Light from the roof
What is the buzz word today in the world of renewable energy? Without much thinking, everyone will say solar energy, a rapidly expanding technology with unlimited potential. While many buildings are already getting their power supply largely from solar power systems, many more from offices with backup diesel generators to rural homes facing frequent power cuts are considering photovoltaic panels to supplement their grid power supply. We can see a future unfurling.
It all starts with the basic home lighting systems to generate 250 v to 3,500 v with CFL or LED bulbs ranging in number between one and 10. There would be a PV or photovoltaic panel, also called as the module, made up of crystalline cells capable of converting solar light into electricity power; battery; charge controller to monitor overcharging; and the cables.
Depending upon the budget and location, one may buy the bulbs in numbers as required. The DC power generated here does not become part of the house wiring, but directly feeds into the bulbs as located.
More advanced technology with greater power generation options lies in roof top systems. Besides the PV panels, battery, charge controller and cables, they additionally have an inverter or hybrid UPS system, which enables DC to AC conversion and battery charging both by solar power and electricity grid. The panels are fixed at 15 degrees slope to south, normally mounted on steel supports at any reasonable height as per site condition. Panels come in 1m x 2m size, producing average 250 watt power. To generate 1 Kw we would need four panels and 2×4 m space. While 1 Kw suffices for most small homes, it is limited to lights, fans and such other non-power circuits. Increasingly families are installing up to 5 Kw to turn the house into completely solar powered.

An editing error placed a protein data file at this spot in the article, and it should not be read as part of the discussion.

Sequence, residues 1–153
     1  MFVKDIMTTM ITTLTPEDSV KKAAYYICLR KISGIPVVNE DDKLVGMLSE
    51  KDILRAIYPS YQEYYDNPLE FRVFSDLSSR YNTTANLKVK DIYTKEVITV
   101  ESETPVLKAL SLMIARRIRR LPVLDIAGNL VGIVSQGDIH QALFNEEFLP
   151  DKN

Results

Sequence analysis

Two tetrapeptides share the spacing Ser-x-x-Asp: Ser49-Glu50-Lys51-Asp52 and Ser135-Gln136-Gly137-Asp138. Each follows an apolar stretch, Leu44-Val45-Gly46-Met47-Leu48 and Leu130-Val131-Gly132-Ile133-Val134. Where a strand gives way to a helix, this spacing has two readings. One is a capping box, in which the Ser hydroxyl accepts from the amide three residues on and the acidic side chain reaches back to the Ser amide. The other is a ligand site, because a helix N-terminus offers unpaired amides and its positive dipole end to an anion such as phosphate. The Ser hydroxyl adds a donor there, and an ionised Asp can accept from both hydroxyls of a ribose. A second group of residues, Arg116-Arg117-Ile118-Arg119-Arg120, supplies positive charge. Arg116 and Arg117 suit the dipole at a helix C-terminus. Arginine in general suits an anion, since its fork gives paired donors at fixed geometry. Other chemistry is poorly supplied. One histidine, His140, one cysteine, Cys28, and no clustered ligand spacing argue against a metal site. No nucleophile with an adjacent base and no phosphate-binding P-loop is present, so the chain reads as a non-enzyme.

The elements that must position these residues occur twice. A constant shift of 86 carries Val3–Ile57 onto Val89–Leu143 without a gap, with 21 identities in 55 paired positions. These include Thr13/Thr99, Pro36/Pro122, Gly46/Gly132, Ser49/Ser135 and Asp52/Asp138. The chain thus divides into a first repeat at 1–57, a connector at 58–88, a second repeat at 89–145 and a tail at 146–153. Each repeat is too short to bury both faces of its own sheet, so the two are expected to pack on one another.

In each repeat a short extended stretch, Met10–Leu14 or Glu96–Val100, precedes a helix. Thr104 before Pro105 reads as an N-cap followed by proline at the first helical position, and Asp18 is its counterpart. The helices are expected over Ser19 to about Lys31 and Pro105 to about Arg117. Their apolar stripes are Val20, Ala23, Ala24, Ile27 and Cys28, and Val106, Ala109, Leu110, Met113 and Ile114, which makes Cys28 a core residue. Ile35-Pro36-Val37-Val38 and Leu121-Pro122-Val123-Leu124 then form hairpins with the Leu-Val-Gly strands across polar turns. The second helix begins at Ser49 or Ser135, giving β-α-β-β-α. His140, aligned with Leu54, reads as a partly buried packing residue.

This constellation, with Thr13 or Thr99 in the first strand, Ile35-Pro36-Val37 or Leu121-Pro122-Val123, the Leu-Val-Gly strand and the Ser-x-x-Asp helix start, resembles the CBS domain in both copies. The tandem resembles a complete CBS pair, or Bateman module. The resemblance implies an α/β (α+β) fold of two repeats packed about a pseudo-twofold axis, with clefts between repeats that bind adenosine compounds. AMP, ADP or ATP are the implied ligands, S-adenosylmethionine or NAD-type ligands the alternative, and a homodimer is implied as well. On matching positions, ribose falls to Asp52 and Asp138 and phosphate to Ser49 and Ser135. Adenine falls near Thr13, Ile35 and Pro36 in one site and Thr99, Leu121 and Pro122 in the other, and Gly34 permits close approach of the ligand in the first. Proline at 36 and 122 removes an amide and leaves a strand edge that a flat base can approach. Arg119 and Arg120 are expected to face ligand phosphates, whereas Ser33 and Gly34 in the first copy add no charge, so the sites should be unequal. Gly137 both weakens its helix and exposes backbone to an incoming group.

Panels need to be fixed on the flat terrace, but can also jet out as a projection from the wall, be on the top of a sloping roof or create a pavilion roof of its own. However, accessibility for proper installation and maintenance is a priority. Every panel should ideally come with one battery to be able to save all the power generated, though some vendors may suggest fewer batteries to save on upfront costs, which is not an optimal solution.
Making solar cells, which finally make the panel, involves high technology with only four companies doing it in India. Despite the panels having marginal annual power degradation ranging from one to two per cent, they easily last for 20 years or so. Nowadays many cheaper components are being imported, which may or may not be value for money, so it is safer to check the source before buying.
As the building construction approaches the end, owners left with little money tend to re-think on installing solar power. It is a valid thought, but in long term installing solar power will be a wise action.